Adding ethical value
August 16, 2011
by Allison Gibeson
While interest in ethically produced and sourced foods is increasing, consumers are not necessarily willing to pay a price premium for the products, said Lynn Dornblaser, director of CPG Trend Insight at Mintel, Chicago.
“Companies are always looking for ways to stay attached to the consumers who buy their products,” Ms. Dornblaser said. “One of the ways to do that … is to have products that are ethically responsible, whether it’s good for the environment or fair treatment of animals or fair treatment of humans.”
To this end, the Great Atlantic & Pacific Tea Co., Montvale, N.J., recently introduced its Mid-Atlantic Country Farms line of locally raised chicken, turkey and beef products, while Austin, Texas-based Whole Foods Market announced the fresh beef, pork and chicken sold in its meat departments are now certified under a 5-Step Animal Welfare Rating system, a program of the Global Animal Partnership that includes provisions on how the animals are raised. In addition, Niman Ranch, Alameda, Calif., operates with the motto “Raised with Care,” and the company promotes its ethical animal practices.
Even though interest is increasing for such products in the United States, the demand is much more established in Europe. Ms. Dornblaser said part of the reason is because the U.S. consumer has a poor understanding of where the food supply comes from. But she said she sees this changing with the movement toward eating more local foods. With the trend comes an increased use of third-party certification logos, which she said many companies are using as they seek to lend credibility to their claims.
This summer the Humane Society of the U.S. and the United Egg Producers announced an agreement to work together for new legislation for all 280 million hens in U.S. egg production. The proposed legislation would require conventional cages to be replaced with a new housing system that provides double the amount of space currently allotted, require all egg-laying hens to be provided with environments that will allow them to express natural behaviors, prohibit withholding of water or feed for molting to extend the laying cycle, prohibit excessive ammonia levels in hen houses and make provisions for labeling products clearly based on how the animals are raised.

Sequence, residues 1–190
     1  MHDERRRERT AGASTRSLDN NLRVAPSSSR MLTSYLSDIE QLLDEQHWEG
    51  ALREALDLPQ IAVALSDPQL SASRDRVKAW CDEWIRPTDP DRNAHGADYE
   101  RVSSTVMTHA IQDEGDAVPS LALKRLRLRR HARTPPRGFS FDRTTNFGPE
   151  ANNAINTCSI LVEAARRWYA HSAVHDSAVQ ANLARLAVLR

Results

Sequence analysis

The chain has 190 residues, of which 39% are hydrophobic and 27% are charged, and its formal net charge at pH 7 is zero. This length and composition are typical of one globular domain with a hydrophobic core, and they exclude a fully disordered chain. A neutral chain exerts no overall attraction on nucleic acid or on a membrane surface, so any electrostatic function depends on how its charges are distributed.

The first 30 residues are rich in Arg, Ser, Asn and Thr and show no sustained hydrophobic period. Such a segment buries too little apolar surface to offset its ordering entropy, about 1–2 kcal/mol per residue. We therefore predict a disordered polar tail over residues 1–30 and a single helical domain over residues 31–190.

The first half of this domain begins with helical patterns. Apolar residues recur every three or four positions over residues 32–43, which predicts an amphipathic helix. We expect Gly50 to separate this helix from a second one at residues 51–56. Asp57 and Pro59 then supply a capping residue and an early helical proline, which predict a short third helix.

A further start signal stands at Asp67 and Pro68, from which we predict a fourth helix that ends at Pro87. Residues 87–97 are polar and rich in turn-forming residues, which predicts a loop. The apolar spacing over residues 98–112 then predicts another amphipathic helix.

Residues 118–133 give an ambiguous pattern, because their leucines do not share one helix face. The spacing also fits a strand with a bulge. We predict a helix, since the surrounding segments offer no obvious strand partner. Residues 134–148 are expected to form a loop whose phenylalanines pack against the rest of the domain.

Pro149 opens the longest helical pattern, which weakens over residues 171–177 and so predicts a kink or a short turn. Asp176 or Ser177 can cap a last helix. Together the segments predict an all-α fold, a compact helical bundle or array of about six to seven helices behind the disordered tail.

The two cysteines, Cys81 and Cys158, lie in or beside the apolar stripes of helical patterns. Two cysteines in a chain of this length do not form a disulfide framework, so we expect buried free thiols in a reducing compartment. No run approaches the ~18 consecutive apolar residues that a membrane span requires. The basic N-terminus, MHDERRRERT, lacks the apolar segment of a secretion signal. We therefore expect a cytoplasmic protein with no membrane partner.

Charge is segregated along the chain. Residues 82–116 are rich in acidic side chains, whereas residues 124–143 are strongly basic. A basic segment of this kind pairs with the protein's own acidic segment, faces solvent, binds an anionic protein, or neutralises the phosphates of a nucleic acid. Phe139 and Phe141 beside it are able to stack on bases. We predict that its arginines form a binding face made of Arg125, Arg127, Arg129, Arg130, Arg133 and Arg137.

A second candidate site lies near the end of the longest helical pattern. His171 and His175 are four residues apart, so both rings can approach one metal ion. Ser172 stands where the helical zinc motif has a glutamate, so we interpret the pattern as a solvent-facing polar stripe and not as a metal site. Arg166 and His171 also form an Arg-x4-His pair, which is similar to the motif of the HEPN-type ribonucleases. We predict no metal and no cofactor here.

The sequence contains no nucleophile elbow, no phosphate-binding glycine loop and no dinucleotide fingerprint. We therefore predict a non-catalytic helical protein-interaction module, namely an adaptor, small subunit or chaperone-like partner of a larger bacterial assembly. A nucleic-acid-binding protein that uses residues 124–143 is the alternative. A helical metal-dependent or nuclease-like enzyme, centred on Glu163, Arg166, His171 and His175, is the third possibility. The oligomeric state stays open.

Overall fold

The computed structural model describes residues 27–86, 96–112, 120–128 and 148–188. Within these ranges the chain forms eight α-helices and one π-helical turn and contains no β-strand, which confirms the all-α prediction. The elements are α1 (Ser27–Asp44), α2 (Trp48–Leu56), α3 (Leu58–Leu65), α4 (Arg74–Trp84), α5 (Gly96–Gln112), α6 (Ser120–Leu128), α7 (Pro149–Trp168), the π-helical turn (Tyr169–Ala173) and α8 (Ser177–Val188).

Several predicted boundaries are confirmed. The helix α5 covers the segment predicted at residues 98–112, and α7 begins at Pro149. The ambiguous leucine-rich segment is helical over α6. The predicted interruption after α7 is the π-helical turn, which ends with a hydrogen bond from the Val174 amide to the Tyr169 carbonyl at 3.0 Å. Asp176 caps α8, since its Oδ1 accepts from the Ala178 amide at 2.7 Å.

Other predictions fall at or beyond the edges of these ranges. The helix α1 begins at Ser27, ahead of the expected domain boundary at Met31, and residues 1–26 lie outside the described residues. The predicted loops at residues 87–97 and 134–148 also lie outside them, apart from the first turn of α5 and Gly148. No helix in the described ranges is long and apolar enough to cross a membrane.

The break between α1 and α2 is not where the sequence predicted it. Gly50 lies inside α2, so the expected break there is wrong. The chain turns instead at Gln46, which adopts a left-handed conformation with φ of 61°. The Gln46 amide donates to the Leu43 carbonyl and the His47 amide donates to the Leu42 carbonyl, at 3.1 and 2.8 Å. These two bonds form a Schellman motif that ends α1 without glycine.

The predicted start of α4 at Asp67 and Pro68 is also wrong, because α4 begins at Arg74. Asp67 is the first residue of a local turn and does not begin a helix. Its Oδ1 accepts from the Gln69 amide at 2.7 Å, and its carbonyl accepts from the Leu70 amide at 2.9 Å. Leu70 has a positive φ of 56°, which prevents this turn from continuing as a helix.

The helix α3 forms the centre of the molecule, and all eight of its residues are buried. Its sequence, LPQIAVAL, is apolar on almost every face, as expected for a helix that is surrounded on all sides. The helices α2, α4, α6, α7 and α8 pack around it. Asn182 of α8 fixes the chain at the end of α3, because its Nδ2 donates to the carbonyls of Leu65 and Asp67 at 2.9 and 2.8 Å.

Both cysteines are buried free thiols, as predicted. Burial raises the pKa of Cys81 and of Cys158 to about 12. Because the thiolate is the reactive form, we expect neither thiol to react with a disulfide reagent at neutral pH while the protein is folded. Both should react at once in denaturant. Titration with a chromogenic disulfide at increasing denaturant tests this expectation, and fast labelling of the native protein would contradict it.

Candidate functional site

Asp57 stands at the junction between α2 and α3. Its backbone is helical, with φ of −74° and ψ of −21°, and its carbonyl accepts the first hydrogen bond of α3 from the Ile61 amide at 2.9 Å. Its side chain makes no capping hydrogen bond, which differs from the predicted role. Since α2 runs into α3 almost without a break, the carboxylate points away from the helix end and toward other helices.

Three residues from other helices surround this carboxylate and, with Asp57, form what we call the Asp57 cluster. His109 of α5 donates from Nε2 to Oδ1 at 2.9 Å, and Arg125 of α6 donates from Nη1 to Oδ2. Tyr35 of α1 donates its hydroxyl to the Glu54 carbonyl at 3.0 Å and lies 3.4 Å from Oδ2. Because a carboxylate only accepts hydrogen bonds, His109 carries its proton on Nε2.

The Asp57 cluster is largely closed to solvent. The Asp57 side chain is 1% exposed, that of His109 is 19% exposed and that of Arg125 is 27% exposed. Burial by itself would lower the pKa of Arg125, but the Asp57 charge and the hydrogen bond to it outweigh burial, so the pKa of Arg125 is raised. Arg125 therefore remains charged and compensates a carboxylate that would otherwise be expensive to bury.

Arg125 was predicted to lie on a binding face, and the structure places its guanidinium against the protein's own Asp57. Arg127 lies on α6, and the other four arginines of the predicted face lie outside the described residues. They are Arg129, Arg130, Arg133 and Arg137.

Ms. Dornblaser said con-sumers don’t truly understand what free-range and cage-free mean. She said consumers often visualize animals roaming free around on a small farm when they hear these terms, and that’s not accurate. Overall, consumers are skeptical about what the terms actually mean.
Ms. Dornblaser said Mintel polled consumers and asked if they would like and would be willing to pay slightly more for products with a reduced environmental impact, and only 18% responded yes. She said when consumers were asked if a product having a reduced environmental impact is important to them, at least 50% of consumers said yes — they just change their minds when it comes to paying a premium for it.
Ms. Dornblaser said the Coca-Cola PlantBottle made by Coca-Cola Co., Atlanta, is a good example of a successful ethical product that doesn’t come at a price premium. In addition, all Cadbury chocolate bars in the United Kingdom are Fair Trade, and she said she wouldn’t be surprised if this eventually happens in the United States.
“As the market gets in-creasingly competitive and as companies are looking for more ways to differentiate themselves from their competitors, I wouldn’t be surprised if environmental concerns aren’t one area many companies look at to help gain and retain shoppers,” Ms. Dornblaser said.
According to Technomic, Chicago, restaurants also are looking to offer ethical menu items with McCormick & Schmick’s offering Fresh Catch Friday, Chipotle offering naturally raised beef and chicken, Macaroni Grill offering free-raised veal and Culver’s offering Midwest-raised beef.
Both Ms. Dornblaser and Ron Paul, president and chief executive officer of Technomic, said kosher designations also convey ideas of ethical treatment of animals to consumers whether or not this is actually the case.
Of all ethical claims in retail products, environmentally friend-ly packaging is the top claim with 2,894 such product introductions in 2010, up from 1,454 in 2009, according to Mintel’s Global New Products Database. Ms. Dornblaser said the increase in packaging claims mainly is due to companies marketing products better as opposed to major changes being made. There were 447 environmentally friendly new product claims in 2010, up from 262 in 2009.
In the future, consumers may be willing to pay more for these products, she said.
“Consumers are becoming much more aware of the wider world around them, and that helps them then find these issues important and justify an additional expense,” Ms. Dornblaser said.